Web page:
Kentucky Republican party officials have voted to switch Kentucky from a primary to a caucus and move the caucus up two months, but why?
Because Senator Rand Paul asked them to.
Kentucky law prohibits a candidate’s name from appearing twice on the same ballot. To allow him to run in both the Kentucky Senate election and seek the GOP nod for president, Sen. Paul urged GOP officials to make the changes.
A caucus is a set of local gatherings where voters decide which candidate to support and select delegates for the party convention where a primary is a statewide voting process in which voters cast secret ballots for their preferred candidates. To make sure Paul’s name didn’t appear on a ballot twice, he just asked state officials to change to a non-ballot format.
The now-approved changes will cost as much as $600,000 dollars which Paul has promised to cover. At this time, he has pledged to give the GOP $250,000 by September 18th and the remainder as the campaign progresses.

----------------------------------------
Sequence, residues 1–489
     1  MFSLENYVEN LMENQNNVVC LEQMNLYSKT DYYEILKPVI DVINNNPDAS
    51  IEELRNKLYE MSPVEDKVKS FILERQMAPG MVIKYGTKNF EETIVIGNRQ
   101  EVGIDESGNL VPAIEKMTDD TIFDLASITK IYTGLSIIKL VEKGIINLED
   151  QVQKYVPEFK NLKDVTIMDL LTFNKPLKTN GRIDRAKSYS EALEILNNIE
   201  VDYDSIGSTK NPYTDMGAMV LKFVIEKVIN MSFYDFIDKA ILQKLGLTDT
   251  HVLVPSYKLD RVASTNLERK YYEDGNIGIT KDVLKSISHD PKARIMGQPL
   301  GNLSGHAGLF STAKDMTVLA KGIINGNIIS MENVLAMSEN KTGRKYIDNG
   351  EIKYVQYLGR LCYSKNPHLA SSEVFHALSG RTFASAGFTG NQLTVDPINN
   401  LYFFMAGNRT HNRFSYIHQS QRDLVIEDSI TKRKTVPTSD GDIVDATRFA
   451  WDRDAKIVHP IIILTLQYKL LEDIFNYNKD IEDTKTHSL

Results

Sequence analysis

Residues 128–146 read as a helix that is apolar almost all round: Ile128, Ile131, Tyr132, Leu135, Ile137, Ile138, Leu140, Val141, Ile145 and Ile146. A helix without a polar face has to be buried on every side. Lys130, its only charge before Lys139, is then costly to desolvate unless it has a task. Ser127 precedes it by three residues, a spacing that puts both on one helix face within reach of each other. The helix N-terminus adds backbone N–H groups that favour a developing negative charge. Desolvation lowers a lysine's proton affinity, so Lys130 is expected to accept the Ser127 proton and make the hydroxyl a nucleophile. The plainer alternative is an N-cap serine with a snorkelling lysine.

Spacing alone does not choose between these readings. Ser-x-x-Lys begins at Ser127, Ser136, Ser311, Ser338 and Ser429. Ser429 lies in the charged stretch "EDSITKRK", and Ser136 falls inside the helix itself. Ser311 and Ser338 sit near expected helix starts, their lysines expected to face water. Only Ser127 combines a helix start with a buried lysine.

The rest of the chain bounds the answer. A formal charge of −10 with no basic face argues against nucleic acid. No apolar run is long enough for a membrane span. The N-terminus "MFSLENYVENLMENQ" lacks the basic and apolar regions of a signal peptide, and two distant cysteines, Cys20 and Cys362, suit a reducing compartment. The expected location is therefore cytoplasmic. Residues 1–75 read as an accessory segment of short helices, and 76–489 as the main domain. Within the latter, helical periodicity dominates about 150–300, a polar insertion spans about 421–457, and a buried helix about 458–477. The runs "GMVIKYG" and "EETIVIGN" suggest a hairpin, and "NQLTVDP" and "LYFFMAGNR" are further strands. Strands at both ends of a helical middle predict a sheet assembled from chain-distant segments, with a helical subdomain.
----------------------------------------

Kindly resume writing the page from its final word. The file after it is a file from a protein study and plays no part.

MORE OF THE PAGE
Moving the caucus to March could also make Kentucky more important in the selection process. Later states suffer from voter apathy as candidates drop out of the race.
Not everyone is pleased that Paul is hedging his Presidential bet with his Senate seat.
In the last three national polls, Rand Paul pulled in between 3% and 6% support and is still reeling from a less-than-great debate performance in August.